ESCONDIDO – Local conservationists teamed up with area astronomers for a Monday night of stargazing, music and nature in an effort to promote an education program teaching children to appreciate and take care of their surrounding environment for future generations.
The Escondido Creek Conservancy welcomed guests on Feb. 28 to Sardina Preserve — a 282-acre piece of land previously home to Mr. Paintball before the conservancy acquired the property in 2019 — for an evening of stargazing with the San Diego Astronomy Association.
For both organizations, it was one of the first events in the area since before the COVID-19 pandemic limited social gatherings for the last two years.
Because of the preserve’s location in the hills near Lake Wohlford just outside of Escondido, the sky was clear and dark enough for visitors to see the bright Orion Nebula, Owl Cluster, Cigar Galaxy and several other constellations and extraterrestrial formations in the night sky through at least five different telescopes brought by members of the astronomy association.
The evening of stargazing was accompanied by live music from “Star Wars,” “Star Trek,” and other popular songs played by violinist Bethany Grace, who also lives in the watershed.
Education was the main driver behind Monday night’s stargazing quest as the event served as a fundraiser for the Escondido Creek Conservancy’s “Seed the Future” campaign, which aims to raise at least $2 million in a four-year period to fund its educational program for students throughout Escondido and the region.
Since it was founded in 1991, the Escondido Creek Conservancy has been working to acquire thousands of acres of land around the Escondido Creek watershed, which stretches 26 miles from Lake Wohlford all the way through Escondido, past Elfin Forest and ending at the San Elijo Lagoon.
Sardina Preserve was part of its most recent “Save 1,000 Acres” campaign in an effort to preserve land for habitat and wildlife.
The conservancy manages more than 3,000 acres of preserved land in and around the watershed and has helped preserve more than 7,000 acres of land through partnerships with other regional organizations.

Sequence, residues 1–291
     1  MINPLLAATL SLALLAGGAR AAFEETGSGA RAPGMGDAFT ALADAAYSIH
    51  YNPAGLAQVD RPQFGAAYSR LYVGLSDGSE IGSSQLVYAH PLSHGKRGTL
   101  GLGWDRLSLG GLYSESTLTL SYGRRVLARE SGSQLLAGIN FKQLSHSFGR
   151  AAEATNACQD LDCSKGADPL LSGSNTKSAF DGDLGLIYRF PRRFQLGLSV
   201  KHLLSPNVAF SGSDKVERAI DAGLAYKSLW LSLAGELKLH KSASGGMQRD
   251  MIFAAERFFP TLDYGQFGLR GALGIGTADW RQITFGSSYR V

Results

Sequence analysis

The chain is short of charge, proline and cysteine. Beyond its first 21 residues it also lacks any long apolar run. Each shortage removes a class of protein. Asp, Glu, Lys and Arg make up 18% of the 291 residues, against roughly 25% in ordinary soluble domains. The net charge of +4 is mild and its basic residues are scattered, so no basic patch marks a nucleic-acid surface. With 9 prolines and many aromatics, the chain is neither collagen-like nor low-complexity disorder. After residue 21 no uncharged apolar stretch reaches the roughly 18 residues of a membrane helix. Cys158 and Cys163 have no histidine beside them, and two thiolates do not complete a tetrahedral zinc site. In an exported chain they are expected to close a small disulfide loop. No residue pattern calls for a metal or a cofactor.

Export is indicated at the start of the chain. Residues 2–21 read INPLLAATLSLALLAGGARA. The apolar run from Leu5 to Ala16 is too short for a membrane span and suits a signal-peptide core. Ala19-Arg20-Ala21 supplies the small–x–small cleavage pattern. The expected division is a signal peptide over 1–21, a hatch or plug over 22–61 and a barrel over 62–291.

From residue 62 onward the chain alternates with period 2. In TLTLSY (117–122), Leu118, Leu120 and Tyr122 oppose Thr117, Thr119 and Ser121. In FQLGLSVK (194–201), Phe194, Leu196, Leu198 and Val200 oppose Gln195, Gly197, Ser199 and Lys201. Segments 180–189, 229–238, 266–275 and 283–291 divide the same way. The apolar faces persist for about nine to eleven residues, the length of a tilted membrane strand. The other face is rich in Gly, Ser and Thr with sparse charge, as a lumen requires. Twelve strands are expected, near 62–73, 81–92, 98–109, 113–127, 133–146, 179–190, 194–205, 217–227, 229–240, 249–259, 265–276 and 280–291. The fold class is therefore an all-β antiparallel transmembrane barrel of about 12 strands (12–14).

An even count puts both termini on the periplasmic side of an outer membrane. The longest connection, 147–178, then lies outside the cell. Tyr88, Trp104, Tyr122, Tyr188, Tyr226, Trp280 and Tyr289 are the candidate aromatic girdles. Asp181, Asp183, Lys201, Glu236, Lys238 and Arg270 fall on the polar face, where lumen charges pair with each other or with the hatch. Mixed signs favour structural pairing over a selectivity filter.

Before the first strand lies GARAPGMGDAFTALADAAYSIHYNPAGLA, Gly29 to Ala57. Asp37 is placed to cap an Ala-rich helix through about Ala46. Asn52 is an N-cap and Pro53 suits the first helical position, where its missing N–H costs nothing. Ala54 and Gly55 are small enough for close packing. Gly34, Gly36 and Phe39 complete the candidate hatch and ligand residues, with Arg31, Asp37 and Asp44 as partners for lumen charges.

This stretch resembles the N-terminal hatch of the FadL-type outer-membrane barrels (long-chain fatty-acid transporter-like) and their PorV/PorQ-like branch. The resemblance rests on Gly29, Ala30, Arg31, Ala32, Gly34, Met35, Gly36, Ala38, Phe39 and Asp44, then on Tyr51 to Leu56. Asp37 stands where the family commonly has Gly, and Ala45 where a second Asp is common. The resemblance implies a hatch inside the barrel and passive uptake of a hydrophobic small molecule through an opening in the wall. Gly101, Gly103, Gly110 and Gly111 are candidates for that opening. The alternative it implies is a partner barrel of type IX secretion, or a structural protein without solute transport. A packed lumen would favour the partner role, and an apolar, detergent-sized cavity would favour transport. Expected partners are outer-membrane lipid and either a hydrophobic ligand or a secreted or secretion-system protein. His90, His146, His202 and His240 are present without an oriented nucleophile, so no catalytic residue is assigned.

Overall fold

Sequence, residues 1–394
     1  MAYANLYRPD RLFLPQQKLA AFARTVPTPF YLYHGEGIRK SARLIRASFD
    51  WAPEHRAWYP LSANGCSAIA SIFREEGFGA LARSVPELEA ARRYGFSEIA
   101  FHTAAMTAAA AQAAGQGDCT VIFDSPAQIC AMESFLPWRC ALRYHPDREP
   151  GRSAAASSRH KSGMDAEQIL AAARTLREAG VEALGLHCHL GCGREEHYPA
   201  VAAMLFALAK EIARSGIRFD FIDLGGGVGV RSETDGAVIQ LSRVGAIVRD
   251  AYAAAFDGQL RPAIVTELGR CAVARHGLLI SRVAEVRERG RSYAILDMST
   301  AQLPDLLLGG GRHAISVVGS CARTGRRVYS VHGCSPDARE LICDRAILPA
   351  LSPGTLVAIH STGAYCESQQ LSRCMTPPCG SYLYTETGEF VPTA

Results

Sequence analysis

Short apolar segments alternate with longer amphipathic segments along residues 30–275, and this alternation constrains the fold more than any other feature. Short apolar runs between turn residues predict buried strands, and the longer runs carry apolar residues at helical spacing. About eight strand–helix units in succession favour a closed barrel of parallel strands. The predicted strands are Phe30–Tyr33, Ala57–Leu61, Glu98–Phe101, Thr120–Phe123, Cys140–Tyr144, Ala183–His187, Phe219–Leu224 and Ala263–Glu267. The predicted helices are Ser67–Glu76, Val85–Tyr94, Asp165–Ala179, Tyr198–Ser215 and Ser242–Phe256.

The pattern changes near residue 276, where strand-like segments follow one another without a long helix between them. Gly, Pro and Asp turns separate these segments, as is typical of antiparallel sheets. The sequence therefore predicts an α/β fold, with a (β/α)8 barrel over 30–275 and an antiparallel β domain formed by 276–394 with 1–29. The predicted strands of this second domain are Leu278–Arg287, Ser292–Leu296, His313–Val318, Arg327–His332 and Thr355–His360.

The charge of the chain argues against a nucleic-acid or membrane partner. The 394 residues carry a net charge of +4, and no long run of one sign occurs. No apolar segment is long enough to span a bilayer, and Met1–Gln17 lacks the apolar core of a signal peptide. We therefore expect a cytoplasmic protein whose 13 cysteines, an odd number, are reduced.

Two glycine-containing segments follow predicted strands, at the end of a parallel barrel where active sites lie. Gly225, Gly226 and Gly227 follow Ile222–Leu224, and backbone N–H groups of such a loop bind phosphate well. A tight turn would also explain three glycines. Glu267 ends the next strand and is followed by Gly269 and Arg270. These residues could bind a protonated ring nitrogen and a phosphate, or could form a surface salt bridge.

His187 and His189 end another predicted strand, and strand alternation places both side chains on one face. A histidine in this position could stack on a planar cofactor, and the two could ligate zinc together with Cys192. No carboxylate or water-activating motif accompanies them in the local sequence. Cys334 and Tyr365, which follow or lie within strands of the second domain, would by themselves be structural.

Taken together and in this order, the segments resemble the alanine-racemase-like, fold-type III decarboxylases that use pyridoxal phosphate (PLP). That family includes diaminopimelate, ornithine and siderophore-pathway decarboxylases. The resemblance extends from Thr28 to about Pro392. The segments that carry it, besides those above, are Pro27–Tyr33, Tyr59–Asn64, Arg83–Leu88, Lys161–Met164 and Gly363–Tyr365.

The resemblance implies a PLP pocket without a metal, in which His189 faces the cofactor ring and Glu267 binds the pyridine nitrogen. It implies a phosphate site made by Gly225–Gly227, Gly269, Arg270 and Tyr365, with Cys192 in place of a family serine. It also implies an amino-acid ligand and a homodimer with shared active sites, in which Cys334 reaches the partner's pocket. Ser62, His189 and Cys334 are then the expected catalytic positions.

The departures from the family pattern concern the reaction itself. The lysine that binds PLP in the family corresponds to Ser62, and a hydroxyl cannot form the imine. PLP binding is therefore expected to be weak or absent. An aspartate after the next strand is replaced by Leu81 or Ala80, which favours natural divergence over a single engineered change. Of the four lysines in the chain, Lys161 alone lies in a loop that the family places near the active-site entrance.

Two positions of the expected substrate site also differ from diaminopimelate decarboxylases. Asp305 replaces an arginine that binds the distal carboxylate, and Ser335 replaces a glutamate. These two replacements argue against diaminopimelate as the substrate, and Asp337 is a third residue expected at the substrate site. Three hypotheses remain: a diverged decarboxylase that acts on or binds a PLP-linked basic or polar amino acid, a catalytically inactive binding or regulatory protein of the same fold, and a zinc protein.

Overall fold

Beyond acquiring land to protect it, the conservancy also focuses its efforts on educating young students about the importance of protecting the local environment.
“If the next generation doesn’t understand why we’re doing this, it’s kind of a losing battle,” said Education Director Simon Breen.
The conservancy works with students in Escondido’s elementary schools on projects like building bee hotels, data collecting and taking them on field trips to places like Elfin Forest and hopefully soon their very own Sardina Preserve.
While the land is beautiful and great for educational purposes, it lacks necessary amenities like bathrooms and running water, which the conservancy hopes to acquire through its Seed the Future fundraiser.
Last year, the conservancy raised just under $100,000. This year, they hope to raise about $222,000.
“We’re hoping that this site can be a place where we can bring kids for real-world, conservation science,” Breen said.
For many of the children, a conservancy field trip is their first time stepping into nature. Some are nervous at first while others are thrilled.
“It’s like a type of playground of which they never conceived,” Breen said.
Besides working with children, the conservancy also aims to educate older generations about the environment through public events like stargazing. With pandemic restrictions lifting, the conservancy is now easing back into hosting more events like this in the near future.
“The main thing we’re trying to do is connect people with nature and get them to appreciate it,” Breen said. “You don’t want to advocate for something you don’t know exists.”
Protecting the environment and preserving local habitat is also great for stargazers who need a clear night sky to see deep into the universe. The conservancy asked the San Diego Astronomy Association, a local nonprofit that also provides educational programming in schools and the community, to provide the necessary telescopes and knowledge for Monday’s event.
“We love the idea that you’re saving the environment, saving the sky and keeping things natural for us,” said Dave Decker, the astronomy association’s outreach coordinator.
Vice President Kin Searcy said the association is just now starting to get back into local schools following the pandemic. The group had six different events planned in one week alone, starting with the conservancy event.
“We’ve got over 800 members and we get enough volunteers who like to do outreach because it’s fun,” Searcy said.
To donate to the Escondido Creek Conservancy’s Seed the Future fund and to learn about its other fundraising campaigns, visit escondidocreek.org.